“Mrs. Surratt went to Surrattsville to get out the guns which had been taken to that place by David Herold. This was Friday.” A little farther on he stated:


“Booth never said until the last night (Friday) that he intended to kill the president.”


But Booth did not yet know that the President would be attending the play at Ford’s theater that night, when he spoke to Mrs. Surratt just before she and Weichmann left for Surrattsville.


Atzerodt’s statement was not used by the prosecution, probably because of the revealing contradiction. Perhaps Atzerodt, desperate to save his own life, was promised leniency, if he could reinforce the prosecution’s attempt to connect Mrs. Surratt with arranging for the guns to be in place along the escape route. Undoubtedly, like Weichmann and Lloyd, Atzerodt was subject to the usual coercive methods of interrogation. Atzerodt failed to mention Booth assigning him to kill Vice President Johnson. But it is evident from various testimonies and his actions that Atzerodt had no intention of carrying out Booth’s orders.


Secretary Stanton’s Chief Detective, Col. Lafayette Baker, initially set the Government’s mood for the conspiracy hunt. On taking charge of the pursuit of Lincoln’s assassins, he released an astonishing official order urging his detectives


“to extort confessions and procure testimony to establish the conspiracy…by promises, rewards, threats, deceit, force, or any other effectual means.”


No wonder he was Stanton’s most trusted lieutenant. And it is no wonder that there were numerous irregularities later discovered in the prosecution’s conduct and securing of witnesses.


On May 13, the Military Commission heard testimony from a Canadian physician, James B. Merritt, that Booth, Surratt, and Atzerodt were parties in a previous scheme to kill Lincoln. The United States Government paid Dr. Merritt $6000 for his testimony. After a prosecution witness named Von Steinacker, who had given a damaging testimony connecting Confederate officers with Booth, was found by the defense to have just been released from prison and to have a considerable criminal record, the court at first refused the defense the right to cross examine him. After General Holt finally agreed to Steinacker’s cross examination, the witness could not be found.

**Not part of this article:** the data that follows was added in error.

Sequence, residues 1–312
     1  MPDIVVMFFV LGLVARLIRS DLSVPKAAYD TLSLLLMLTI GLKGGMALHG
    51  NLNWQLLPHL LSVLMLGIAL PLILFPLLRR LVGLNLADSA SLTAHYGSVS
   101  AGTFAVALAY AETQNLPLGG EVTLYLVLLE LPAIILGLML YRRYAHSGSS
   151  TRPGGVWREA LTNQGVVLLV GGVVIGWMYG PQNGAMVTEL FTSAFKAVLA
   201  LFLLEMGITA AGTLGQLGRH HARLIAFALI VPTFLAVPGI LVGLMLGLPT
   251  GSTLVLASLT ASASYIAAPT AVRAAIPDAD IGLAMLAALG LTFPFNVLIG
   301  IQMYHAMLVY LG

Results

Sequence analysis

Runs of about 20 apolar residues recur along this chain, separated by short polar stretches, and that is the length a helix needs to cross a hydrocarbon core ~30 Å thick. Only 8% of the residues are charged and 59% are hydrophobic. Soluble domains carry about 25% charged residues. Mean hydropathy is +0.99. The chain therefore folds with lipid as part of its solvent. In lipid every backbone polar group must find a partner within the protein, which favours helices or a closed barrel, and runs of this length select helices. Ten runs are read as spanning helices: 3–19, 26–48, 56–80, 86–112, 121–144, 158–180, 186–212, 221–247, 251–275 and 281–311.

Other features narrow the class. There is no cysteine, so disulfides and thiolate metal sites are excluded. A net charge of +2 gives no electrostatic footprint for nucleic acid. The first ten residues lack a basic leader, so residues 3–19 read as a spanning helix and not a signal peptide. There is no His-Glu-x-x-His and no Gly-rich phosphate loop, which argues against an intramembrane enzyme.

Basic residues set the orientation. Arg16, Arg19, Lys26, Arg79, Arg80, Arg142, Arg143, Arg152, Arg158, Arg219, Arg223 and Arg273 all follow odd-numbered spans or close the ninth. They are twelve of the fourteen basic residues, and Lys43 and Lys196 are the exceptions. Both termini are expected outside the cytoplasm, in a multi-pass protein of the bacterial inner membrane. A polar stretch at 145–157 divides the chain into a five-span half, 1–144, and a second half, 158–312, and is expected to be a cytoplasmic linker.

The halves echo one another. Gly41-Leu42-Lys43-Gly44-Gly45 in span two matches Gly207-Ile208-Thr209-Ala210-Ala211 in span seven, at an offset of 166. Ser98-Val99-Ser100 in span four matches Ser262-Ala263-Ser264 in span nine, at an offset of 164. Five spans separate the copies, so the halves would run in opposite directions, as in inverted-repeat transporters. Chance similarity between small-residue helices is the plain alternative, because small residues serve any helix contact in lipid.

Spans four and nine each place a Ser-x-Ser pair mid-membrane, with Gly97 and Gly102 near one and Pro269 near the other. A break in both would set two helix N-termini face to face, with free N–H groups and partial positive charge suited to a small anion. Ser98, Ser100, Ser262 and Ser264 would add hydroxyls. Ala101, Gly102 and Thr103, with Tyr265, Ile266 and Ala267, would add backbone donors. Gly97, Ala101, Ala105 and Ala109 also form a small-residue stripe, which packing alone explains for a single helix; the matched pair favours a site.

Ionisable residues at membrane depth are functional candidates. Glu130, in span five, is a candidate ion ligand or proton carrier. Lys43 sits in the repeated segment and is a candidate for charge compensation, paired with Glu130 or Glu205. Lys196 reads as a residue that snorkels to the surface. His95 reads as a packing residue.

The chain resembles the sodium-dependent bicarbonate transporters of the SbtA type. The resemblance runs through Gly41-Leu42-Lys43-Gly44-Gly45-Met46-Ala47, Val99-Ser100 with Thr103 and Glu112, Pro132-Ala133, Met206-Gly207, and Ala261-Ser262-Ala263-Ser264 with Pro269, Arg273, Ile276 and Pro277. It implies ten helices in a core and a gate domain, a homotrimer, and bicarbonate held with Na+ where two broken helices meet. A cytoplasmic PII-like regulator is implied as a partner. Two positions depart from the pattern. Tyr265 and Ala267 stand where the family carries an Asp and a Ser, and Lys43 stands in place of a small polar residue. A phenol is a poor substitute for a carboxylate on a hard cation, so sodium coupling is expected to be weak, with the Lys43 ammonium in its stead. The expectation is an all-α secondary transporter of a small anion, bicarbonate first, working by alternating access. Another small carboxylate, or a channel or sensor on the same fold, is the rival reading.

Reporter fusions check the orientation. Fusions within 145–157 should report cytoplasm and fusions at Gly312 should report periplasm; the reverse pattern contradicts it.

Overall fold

On May 25, the Military Commission suddenly introduced the subject of (alleged)

 Southern mistreatment of Union prisoners of war as an issue in the conspiracy trial.

This outrageous tactic was actually successful in raising the level of anger and resentment against the South, Jefferson Davis, and the defendants.


Probably the most damaging circumstantial evidence against Mary Surratt was the untimely arrival of a well disguised Lewis Powell at Mrs. Surratt’s door on April 17.

This and her denial that she knew him created suspicions that were difficult to overcome. Numerous witnesses, however, testified to her poor eyesight. Many more testified of her sterling character and religious devotion. No fewer than five Catholic priests testified to her impeccable character.


The Lincoln assassination conspiracy trial was a shameful violation of due process. Only the Salem Witch Trials in 1692 and the autumn 1865 trial of Henry Wirz, commandant of the Andersonville prisoner of war camp, are comparable in their injustice, malice, and despotism. I do not believe that “Stalinist” is too strong a word for the conduct of Stanton and his inner council.


The Military Commission sentenced Atzerodt, Powell, and Herold to hang. The others were sentenced to long prison terms. Surprisingly, five of the nine officers on the Military Commission initially wanted either to acquit Mary Surratt or at least see that she did not get the death penalty. But Edwin Stanton and Joseph Holt, supported by others in the Radical Republican ring, would not stand for it. The government murder of Mary Surratt and the political scandal that followed will be covered next week.


All rights reserved